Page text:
If you own a small consulting company or are a one-person enterprise, marketing and media relations are one of many things you handle for your business. Getting the right media contacts and maintaining those relationships is critical for your business.

Having friends in the media means you get an occasional mention when peddling a new product or service, and that reporters will call you for quotes, even when your business isn’t the focus of a column or news story. If you’ve made enemies, however, your news releases might get ignored, but any misstep you make might be scrutinized carefully.

Because editors and writers make daily decisions about what to cover and what to ignore, it’s important to have an inside track. The following are tips on who to know and when to schmooze in order to get the publicity you want.

Who’s who on the masthead
A basic necessity of media relations is knowing the names of the people on the publication masthead. The masthead is usually on the third or fourth page of most print publications and includes the names of editors, columnists, and contributing writers.

If you want to pitch a story or send a media release to a particular publication, skip the top editor—that person generally makes strategic decisions and is rarely involved in the day-to-day editorial functions.

So, who do you contact? Because titles aren’t always consistent from one publication to the next, there’s no easy answer. Generally, however, all the real editors (excluding “contributing editors”) work at the publication and get a salary. They spend most of their time managing writers, editing copy, attending vendor briefings, and so on.
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Staff writers cover the industry news and product releases. Freelance writers generally come up with ideas and try to convince editors to buy their pieces.

Columnists are more independent. They have rough guidelines on what to cover, but they insert personal opinions, choose their own topics, and are normally free to ignore topics suggested by editors if they don’t like them.

Reviewers (who may also be columnists) are strictly impartial and as objective as possible when they write reviews. The same person, however, may view the same product differently in a column and in a review because the column includes personal opinions.

Who assigns the topics?
Try to find out who assigns articles at the media outlet you’re targeting. You’ll pitch to that person. If there’s a regular freelancer who covers the beat you fall into—security, for instance—ask for that individual’s contact information. Unlike editors, successful freelancers have many outlets for their work and aren’t married to any particular technology or vendor. In some ways, that makes a major freelancer more powerful than even an editor at a major publication. Here’s a simple example to show why freelancers are important:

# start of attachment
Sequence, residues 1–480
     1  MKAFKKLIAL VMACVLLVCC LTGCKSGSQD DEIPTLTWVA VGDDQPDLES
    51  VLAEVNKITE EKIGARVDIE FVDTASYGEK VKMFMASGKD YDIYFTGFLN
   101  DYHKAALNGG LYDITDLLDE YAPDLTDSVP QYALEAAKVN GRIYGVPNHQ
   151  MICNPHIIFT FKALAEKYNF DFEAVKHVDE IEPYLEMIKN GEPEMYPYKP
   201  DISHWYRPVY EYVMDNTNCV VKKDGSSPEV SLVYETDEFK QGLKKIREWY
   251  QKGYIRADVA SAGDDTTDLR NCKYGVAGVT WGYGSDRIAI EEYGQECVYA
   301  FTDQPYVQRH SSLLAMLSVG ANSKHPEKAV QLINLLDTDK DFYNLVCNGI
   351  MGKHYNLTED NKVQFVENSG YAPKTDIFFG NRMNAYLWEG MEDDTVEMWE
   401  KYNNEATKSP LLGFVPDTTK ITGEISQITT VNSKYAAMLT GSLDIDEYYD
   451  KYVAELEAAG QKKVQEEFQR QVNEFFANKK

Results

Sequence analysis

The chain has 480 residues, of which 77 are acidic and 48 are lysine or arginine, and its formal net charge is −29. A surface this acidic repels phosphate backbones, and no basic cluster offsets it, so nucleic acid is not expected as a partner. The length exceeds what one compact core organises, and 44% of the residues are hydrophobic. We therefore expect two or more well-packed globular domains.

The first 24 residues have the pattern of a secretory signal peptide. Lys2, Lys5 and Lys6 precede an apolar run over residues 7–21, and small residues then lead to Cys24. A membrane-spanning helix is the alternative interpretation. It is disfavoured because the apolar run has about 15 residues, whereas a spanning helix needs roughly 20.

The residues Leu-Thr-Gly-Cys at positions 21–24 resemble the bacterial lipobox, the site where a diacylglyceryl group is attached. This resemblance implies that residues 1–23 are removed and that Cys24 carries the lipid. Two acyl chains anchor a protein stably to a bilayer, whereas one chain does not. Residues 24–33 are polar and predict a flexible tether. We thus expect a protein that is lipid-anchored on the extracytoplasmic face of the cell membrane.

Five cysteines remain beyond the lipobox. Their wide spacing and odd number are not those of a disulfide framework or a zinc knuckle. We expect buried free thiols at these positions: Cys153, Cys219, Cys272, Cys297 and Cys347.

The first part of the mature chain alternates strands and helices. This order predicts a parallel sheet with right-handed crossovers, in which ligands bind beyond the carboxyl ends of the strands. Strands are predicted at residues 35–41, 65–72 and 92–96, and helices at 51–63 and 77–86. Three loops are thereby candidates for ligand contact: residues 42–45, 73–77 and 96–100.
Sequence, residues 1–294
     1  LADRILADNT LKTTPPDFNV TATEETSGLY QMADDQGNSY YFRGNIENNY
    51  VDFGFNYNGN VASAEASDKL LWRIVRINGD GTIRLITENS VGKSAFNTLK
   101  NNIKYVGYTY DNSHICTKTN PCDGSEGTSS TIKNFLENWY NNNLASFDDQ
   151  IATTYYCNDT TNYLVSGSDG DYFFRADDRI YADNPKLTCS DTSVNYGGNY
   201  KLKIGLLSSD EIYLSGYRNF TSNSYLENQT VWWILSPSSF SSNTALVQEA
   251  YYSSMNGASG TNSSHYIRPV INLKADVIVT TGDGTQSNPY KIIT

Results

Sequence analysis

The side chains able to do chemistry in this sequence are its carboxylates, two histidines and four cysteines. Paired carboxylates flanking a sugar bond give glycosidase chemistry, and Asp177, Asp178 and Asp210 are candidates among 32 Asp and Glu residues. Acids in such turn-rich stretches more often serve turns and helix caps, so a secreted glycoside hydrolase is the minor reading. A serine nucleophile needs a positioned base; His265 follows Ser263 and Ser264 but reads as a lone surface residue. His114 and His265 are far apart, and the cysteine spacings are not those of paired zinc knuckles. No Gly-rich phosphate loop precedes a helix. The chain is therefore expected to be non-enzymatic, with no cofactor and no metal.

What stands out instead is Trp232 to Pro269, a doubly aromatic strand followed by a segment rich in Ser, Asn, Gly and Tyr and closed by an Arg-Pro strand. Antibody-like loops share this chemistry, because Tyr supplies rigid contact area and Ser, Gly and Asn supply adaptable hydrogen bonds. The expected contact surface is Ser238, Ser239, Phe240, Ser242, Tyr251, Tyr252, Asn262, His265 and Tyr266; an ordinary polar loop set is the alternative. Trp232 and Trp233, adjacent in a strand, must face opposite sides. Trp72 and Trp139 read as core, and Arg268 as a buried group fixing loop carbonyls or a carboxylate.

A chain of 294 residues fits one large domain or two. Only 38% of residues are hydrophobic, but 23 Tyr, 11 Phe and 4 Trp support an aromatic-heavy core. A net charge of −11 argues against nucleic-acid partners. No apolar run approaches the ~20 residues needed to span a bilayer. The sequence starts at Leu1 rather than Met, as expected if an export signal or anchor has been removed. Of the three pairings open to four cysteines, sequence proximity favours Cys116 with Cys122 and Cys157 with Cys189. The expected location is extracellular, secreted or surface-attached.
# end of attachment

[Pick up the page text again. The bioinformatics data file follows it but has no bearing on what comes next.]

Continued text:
• If an editor gets a news release or a product to review, it can only be covered in that publication.
  • If a freelancer gets it, he or she can sometimes write about it for a half dozen noncompeting publications and, since he or she gets paid by the word, the freelancer has a lot of incentive to convince editors he or she should write about that product or news.

Getting your message out locally
The television, radio, and print media in your town could be great outlets for you to consider. The approach is different for each.

If you’ve pitched to your local daily newspaper without luck, consider the business journal in your area. The American City Business Journals encompass business newspapers in 41 U.S. cities; most will cover companies throughout the surrounding region.

If you’re attempting to pitch a story to your local TV station, keep in mind that the best way to get television coverage is to have an extremely visual topic. That can be difficult in this industry. When making your pitch, you might want to suggest some graphics elements that the report can relay back to the art director. It’s easier to get radio coverage. Local programs typically have lots of airtime to fill. Offer your services as a technology expert, and they may invite you to the studio.

To get an “in” with your local stations, get the name and contact information of the assignment editor in the newsroom. Send your release to this person via e-mail and the newsroom fax. If your local station has a business reporter, you’ll also want to contact that person with the information.

It’s important to remember that you can’t expect TV reporters to understand technology. Explain the topic in layman’s terms, and tell why the average person should care. They need to convey to the audience how it affects them personally or how it affects local businesses. If it’s a feather in the cap of the city, that could also be an angle.

Know also that if a reporter wants to do a story—whatever the medium—you’ll get little advance notice. Be ready for a last-minute call, or you might lose your chance.
What does it take to get the media on your side? Know any surefire ways to get a reporter to cover your firm favorably? To share your thoughts, post a comment below or send us a note.